Practical Plant I.D. for Professionals
Practical Plant ID for Professionals (PPP) is a two-day (bootcamp style) workshop in native plant identification for natural resource professionals who have no formal training in plant taxonomy or vegetation ecology or need to brush up on their skills.
Each NRTG course includes free, lifetime admission. Enroll once - come back anytime.
The PPP program is delivered as a scheduled course delivery or as a contract to organizations and groups.
Course participants learn the fundamental skills used by professional plant ecologists to efficiently and accurately identify plant species in the field. Upon successful completion of the course, participants will:
Access and apply relevant resources available for plant identification in their region.
Identify tree species by site using scientific nomenclature.
Apply the mechanics of using plant community type and plant identification resources to identify shrubs, herbs, and common grasses in the field.
Identify plant morphology and characteristics for regionally important or specific major plant families.
Catalogue and photograph to facilitate specimen verification by a plant taxonomist.
Apply the mechanics and ethics of collecting voucher specimens for future identification by a plant taxonomist.
Practical Plant ID for Professionals is a workshop consisting of two, eight-hour days, typically 8:30 to 4:30. Practical Plant ID for Professionals can be held on weekdays or over the weekend.
This course can be customized for an organization and/or community based on their needs. Please contact us with your ideas and needs, and we'll work with you to design and deliver a specialized training program that meets your needs.
Practical Plant ID for Professionals is geared toward natural resource professionals who work on plant-related projects but have not received formal training in plant taxonomy and vegetation ecology or those who do but need to brush up on their skills. This may include foresters, archaeologists, anthropologists, land managers, soil scientists, reclamation scientists, wildlife biologists, aquatic biologists, and surveyors.
This course is applicable for practitioners or students with a degree or diploma in environmental studies and related fields.
Personal Equipment Requirements:
Courses run rain or shine and are mainly field-based. Students are required to come prepared to work and learn outside all day in all weather conditions. Proper clothing layers, rubber boots, lunch and snacks, water, field backpack, local vegetation field guides, write-in-the-rain notebook or clipboard and paper, writing utensils, mosquito net, sunscreen, bug repellent, toilet paper, personal safety equipment, rain pants and rain jacket are recommended.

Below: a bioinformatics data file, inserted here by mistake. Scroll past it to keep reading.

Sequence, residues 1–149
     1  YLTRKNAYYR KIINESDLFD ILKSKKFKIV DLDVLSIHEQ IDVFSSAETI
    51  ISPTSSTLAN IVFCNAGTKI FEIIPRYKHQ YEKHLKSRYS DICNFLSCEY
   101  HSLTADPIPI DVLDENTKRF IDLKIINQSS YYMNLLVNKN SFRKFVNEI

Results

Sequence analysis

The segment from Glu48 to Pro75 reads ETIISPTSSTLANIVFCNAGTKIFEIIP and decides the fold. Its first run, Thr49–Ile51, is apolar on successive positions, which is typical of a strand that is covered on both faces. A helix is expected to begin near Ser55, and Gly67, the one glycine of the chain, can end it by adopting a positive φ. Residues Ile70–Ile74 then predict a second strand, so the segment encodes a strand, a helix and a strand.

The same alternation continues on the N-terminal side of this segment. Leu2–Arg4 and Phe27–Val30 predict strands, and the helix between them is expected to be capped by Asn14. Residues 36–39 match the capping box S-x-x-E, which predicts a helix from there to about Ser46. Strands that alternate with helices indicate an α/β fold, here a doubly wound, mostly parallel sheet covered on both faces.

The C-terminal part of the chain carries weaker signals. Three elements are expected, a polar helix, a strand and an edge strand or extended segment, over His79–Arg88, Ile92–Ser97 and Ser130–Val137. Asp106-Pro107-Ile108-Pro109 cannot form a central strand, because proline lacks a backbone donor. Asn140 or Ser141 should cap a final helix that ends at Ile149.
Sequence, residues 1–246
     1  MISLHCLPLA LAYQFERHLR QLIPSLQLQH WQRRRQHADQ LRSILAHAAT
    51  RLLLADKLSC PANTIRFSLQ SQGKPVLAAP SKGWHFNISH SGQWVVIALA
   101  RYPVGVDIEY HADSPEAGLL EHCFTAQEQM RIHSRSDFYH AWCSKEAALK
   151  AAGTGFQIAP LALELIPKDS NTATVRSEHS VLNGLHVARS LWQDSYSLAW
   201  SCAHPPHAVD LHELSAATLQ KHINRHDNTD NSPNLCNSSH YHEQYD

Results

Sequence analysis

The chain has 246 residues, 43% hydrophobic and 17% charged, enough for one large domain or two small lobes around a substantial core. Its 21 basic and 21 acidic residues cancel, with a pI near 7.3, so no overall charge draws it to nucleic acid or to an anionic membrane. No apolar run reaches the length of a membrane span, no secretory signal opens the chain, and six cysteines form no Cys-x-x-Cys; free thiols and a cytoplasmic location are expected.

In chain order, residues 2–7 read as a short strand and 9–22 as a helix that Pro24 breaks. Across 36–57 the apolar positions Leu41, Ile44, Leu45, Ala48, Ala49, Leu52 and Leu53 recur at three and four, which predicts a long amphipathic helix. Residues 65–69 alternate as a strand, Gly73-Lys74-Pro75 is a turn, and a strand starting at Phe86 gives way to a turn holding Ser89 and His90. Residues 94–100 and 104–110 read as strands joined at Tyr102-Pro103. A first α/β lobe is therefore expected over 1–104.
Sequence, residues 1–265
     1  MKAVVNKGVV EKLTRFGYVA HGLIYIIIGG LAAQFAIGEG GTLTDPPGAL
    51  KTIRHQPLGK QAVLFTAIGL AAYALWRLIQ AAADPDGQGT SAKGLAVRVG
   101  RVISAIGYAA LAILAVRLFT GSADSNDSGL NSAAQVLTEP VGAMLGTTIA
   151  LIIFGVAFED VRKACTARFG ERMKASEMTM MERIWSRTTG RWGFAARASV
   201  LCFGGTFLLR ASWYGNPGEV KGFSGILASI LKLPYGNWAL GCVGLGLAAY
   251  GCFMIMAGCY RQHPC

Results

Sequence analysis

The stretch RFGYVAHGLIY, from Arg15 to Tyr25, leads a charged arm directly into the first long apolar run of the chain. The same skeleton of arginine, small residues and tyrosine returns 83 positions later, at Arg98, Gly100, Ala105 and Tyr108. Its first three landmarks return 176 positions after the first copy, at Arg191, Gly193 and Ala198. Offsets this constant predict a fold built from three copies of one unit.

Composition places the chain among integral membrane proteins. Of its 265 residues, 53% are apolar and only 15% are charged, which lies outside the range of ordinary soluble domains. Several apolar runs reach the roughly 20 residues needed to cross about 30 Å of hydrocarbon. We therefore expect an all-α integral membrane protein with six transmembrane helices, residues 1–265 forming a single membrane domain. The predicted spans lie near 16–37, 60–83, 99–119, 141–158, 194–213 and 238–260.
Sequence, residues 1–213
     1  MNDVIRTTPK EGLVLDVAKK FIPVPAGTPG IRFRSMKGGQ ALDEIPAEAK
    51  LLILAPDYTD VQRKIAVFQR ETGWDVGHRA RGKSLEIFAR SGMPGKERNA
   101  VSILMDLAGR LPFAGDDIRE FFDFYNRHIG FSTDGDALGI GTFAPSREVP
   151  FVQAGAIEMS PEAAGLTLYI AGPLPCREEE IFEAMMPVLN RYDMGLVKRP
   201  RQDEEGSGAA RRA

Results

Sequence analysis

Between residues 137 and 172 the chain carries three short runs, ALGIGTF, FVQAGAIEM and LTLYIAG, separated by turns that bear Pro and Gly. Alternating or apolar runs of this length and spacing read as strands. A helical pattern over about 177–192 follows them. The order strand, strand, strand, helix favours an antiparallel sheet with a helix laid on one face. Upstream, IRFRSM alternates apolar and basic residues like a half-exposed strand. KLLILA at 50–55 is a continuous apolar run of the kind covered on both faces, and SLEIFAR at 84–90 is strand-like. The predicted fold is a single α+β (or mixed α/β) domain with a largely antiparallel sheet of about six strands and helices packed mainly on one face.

A plant ID field guide relevant to local region will be required. For further information, or for further assistance, please contact NRTG.
Course fees will vary by course delivery location. For further information, please contact us.
How do I Attend?
The PPP program is available for contract delivery. If you or your group would like to arrange for an ‘in-house’ or contract delivery of this course, please contact us for further information and consider the following:
Contact us well in advance of your preferred course start date
If applicable, secure program funding
Recruit course participants (most NRTG courses have minimum enrollments of 10 participants)
Coordinate course participant equipment, classroom facility, and contractual agreement with NRTG.
Note: see Course Customization above for other options to bring this training to your organization and/or community.
Nanette Richards, PBiol., RPBio., is a registered professional biologist, educator and mentor, and owner of Silverberry. With 21 years experience as a practicing biologist in western Canada, Ms Richards has a passion for sharing her knowledge and upholding a deep personal and professional commitment to responsible and realistic land stewardship.
Nanette is most happy practising her craft outside, as a field ecologist, collecting vegetation data and mentoring young biologists in the field. Her areas of expertise include vegetation ecology, particularly terrestrial and wetland community classification in western Canada. Her focus is usually on vegetation identification, as well as being conversant in rare plant surveys, vegetation monitoring and inventory work.
Ms. Richards has extensive experience working on a wide variety of research and development projects in Alberta and BC for industry, government, First Nations, private landowners, university researchers, and environmental consultants. This varied and comprehensive background has provided her with a unique set of skills and perspectives, which she brings to the classroom and shares with students.